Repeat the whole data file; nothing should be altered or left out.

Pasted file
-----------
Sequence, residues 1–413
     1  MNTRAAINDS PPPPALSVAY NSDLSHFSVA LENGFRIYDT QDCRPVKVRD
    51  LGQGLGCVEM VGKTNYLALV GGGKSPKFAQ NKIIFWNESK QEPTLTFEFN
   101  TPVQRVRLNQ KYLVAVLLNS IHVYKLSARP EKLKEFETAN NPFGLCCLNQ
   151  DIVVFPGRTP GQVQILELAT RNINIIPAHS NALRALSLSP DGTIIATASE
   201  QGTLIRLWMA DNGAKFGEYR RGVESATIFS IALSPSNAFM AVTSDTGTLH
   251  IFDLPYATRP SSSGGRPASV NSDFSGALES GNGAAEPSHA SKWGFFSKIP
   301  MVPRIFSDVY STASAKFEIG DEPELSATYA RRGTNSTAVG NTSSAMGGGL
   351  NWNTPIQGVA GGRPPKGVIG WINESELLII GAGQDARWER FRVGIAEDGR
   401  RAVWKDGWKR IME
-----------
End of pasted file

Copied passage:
Sequence, residues 1–413
     1  MNTRAAINDS PPPPALSVAY NSDLSHFSVA LENGFRIYDT QDCRPVKVRD
    51  LGQGLGCVEM VGKTNYLALV GGGKSPKFAQ NKIIFWNESK QEPTLTFEFN
   101  TPVQRVRLNQ KYLVAVLLNS IHVYKLSARP EKLKEFETAN NPFGLCCLNQ
   151  DIVVFPGRTP GQVQILELAT RNINIIPAHS NALRALSLSP DGTIIATASE
   201  QGTLIRLWMA DNGAKFGEYR RGVESATIFS IALSPSNAFM AVTSDTGTLH
   251  IFDLPYATRP SSSGGRPASV NSDFSGALES GNGAAEPSHA SKWGFFSKIP
   301  MVPRIFSDVY STASAKFEIG DEPELSATYA RRGTNSTAVG NTSSAMGGGL
   351  NWNTPIQGVA GGRPPKGVIG WINESELLII GAGQDARWER FRVGIAEDGR
   401  RAVWKDGWKR IME